The US and EU rules implementing Basel III follow many aspects of Basel III closely, but there are major differences in approach in several key areas. Financial institutions have been engaged in a “race to the top” to show strong capital ratios but rules on leverage appear to be the most challenging and may require significant business restructuring. The interplay between the US and EU implementation of Basel III and the gradual “phase in” of certain rules, particularly on liquidity and leverage, will have a profound impact on the relative competitiveness of relevant US and EU financial institutions. This client publication, and the accompanying US/EU comparison and summary table, highlight points of international consistency and divergence.

Basel III establishes a new set of global standards for capital adequacy and liquidity for banking organizations. Although principally aimed at banks, these standards also apply to certain other types of financial institution (e.g., EU investment firms) as well. The Basel Committee on Banking Supervision (the “Basel Committee”) developed Basel III to supplement and, in certain respects, replace, the existing Basel II standards, the composite version of which was issued in 2006 as an update to Basel I. [1] The core elements of Basel III were finalized at the international level in 2010 and implementing rules have now been issued in 25 of the 27 jurisdictions that comprise the Basel Committee. [2]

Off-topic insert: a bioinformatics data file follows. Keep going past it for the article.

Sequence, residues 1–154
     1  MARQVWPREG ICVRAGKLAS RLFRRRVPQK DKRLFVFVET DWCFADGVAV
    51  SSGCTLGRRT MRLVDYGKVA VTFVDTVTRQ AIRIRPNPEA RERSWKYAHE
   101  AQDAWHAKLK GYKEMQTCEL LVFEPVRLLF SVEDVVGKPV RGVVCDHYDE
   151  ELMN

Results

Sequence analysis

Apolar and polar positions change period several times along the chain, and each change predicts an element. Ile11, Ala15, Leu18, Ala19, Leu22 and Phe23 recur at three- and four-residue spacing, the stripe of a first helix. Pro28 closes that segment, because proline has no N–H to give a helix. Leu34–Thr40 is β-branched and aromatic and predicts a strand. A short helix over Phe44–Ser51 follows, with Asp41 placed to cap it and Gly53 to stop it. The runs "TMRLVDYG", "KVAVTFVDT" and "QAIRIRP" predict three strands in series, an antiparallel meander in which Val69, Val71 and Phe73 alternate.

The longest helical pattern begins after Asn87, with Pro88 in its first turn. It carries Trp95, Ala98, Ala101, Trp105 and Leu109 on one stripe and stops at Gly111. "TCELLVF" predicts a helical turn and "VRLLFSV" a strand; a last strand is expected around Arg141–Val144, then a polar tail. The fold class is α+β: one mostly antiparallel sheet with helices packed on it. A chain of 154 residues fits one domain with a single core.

Proxy Voting Analytics (2009-2013)

Matteo Tonello is managing director of corporate leadership at The Conference Board. This post relates to a report released jointly by The Conference Board and FactSet, authored by Dr. Tonello, Melissa Aguilar, and Thomas Singer of The Conference Board. The Executive Summary is available here. For details regarding how to obtain a copy of the full report, contact [email protected].

While the number of shareholder proposals filed at U.S. public companies continued to increase this year, management has been less successful at obtaining permission from the Securities and Exchange Commission (SEC) to exclude from the voting ballot new types of investor demands.